Pain relief is one of the major targets of OA management. Symptoms of pain in OA are associated with inflammation and oxidative stress, cartilage degradation, and joint space narrowing [32,33,34]. It is therefore logical to propose that antioxidant supplements may be of benefit. Strawberries are naturally rich in antioxidant polyphenols, and thus were selected for our study [35]. Participants rated their pain in the range of mild to moderate intensity at baseline using the VAS as well as the ICOAP questionnaires. Other polyphenol containing supplements, such as curcumin [13,36], green tea [16], and herbal tea supplements [17], have also shown significant decreases in knee pain scores in participants with similar intensity of knee pain as in our study. However, none of these studies reported effects on systemic markers of inflammation and disease progression underlying knee OA.
Together with previous reports, our findings support the analgesic effects of dietary polyphenols in adults with mild to moderate knee pain. Pain measurement in OA has been largely determined by questionnaires, such as those based on quality of life indicators. Meanwhile, physical examination and radiography have been used to stage the disease. We used the VAS, HAQ-DI, and ICOAP questionnaires: these have been widely employed to assess knee pain, quality of life, and disability in adults with OA [29,30]. The ICOAP questionnaire is endorsed by the Osteoarthritis Research Society International (OARSI). It has been validated in large multi-country studies, and correlates well with other commonly used methods, such as the Western Ontario and McMaster Universities’ Osteoarthritis Index (WOMAC) scores [28,37]. Based on our study findings, strawberries consistently improved pain scores as observed across all three sub-scales of ICOAP, evaluating constant, intermittent, and total pain; they also lowered HAQ-DI scores, reflecting functional improvement. We did not observe any difference in pain scores assessed by VAS survey in our participants. These differences could be explained by the visual expression of general pain intensity used in VAS scoring, when compared to the OA-specific magnitude of knee pain numerically rated by the ICOAP questionnaires. Based on the strengths and limitations of each assessment tool for pain, it is generally recommended to administer more than one questionnaire to capture the multi-dimensional aspects of adult pain. These findings merit follow up in larger trials to validate the findings.
Inflammation is believed to play a pivotal role in the pathophysiology of OA. Multiple cytokines and inflammatory molecules, especially CRP, IL-6, and IL-1β, and free radicals, such as nitric oxide, are implicated in the progression of OA [38,39]. Inflamed chondrocytes then produce MMPs, leading to cartilage degradation and progression of OA [40]. In experimental models of OA, green tea, curcumin, and some herbal supplements may reduce inflammatory molecules and MMPs [41,42], while few of the reported clinical studies have determined the effects of the dietary bioactive compounds on inflammatory mediators. In a 16-week study assessing the effects of a high-polyphenol rosmarinic acid tea on pain in participants with knee OA, serum CRP was reported only at baseline but not after the intervention [17]. Among the studies showing improvements in knee pain in OA following curcumin supplementation [13,43,44], only one study reported data on inflammatory markers, including IL-6; however, these did not differ between the intervention and placebo groups after six weeks’ treatment [43]. Thus, the study of inflammatory mediators is limited in previous reports of dietary supplements for OA.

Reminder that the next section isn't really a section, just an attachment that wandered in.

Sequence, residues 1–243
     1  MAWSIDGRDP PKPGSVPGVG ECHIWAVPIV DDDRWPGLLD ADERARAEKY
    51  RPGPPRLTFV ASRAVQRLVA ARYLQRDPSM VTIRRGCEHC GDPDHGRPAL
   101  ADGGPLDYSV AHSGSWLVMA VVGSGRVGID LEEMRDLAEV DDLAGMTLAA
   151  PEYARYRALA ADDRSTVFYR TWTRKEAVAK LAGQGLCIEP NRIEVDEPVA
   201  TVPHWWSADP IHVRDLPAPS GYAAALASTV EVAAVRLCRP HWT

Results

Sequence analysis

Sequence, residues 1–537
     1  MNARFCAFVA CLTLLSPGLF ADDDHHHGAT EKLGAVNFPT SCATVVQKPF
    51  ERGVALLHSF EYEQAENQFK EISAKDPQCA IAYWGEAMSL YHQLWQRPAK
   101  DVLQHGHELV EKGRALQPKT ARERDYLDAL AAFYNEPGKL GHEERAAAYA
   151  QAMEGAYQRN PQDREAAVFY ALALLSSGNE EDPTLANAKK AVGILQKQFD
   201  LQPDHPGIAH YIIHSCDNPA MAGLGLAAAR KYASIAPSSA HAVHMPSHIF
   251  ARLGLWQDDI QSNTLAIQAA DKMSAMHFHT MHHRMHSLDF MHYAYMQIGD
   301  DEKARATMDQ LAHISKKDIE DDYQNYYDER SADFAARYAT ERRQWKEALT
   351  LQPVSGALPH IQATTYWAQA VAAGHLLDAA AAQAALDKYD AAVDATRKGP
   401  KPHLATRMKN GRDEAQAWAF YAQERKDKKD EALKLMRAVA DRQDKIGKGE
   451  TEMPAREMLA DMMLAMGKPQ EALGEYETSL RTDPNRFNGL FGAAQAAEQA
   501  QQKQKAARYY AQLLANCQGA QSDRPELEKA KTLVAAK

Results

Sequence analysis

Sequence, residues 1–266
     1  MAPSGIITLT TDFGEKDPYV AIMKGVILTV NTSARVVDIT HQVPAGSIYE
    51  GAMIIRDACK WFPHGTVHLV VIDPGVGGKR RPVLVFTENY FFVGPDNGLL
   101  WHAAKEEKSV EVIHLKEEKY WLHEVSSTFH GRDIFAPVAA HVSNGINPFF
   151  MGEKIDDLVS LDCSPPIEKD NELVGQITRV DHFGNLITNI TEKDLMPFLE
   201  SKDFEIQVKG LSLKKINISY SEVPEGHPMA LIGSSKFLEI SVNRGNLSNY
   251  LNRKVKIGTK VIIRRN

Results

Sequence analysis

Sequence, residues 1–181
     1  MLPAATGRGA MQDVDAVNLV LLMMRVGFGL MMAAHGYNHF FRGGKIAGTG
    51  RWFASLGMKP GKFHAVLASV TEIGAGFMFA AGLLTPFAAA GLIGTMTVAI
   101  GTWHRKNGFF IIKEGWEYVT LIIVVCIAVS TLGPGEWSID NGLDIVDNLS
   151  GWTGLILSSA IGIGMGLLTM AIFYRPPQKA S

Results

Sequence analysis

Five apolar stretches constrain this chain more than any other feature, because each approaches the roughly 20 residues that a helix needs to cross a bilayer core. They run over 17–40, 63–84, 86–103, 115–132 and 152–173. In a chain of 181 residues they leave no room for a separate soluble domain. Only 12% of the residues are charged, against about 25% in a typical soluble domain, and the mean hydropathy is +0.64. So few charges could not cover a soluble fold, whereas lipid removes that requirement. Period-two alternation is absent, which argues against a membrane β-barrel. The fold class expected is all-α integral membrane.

In our study, 12 weeks of strawberry supplementation resulted in a significant decrease in IL-6, IL-1β, and MMP-3 in obese participants with knee OA, consistent with anti-inflammatory effects of dietary berries in OA management. These clinical observations are consistent with data showing that blueberry and raspberry extracts lower pain, inflammation, and edema, and articular destruction in experimental arthritis [21,22]. Metalloproteinases zinc-dependent enzymes (MMPs) play a key role in extracellular matrix remodeling and cartilage metabolism in knee OA. Among the various isoforms of MMPs, MMP-3 plays an important role in cartilage degradation, and has been shown to be responsive to therapeutic agents in patients with various stages of OA [12,45,46]. On the other hand, MMP-8 has been implicated in the degradation of already compromised cartilage matrix, and a few clinical studies have examined its response to therapeutic agents, and revealed conflicting results [45,47,48]. Thus, future studies must address the role of dietary polyphenolic compounds on a comprehensive panel of serum MMPs to identify clinically responsive biomarkers in OA management.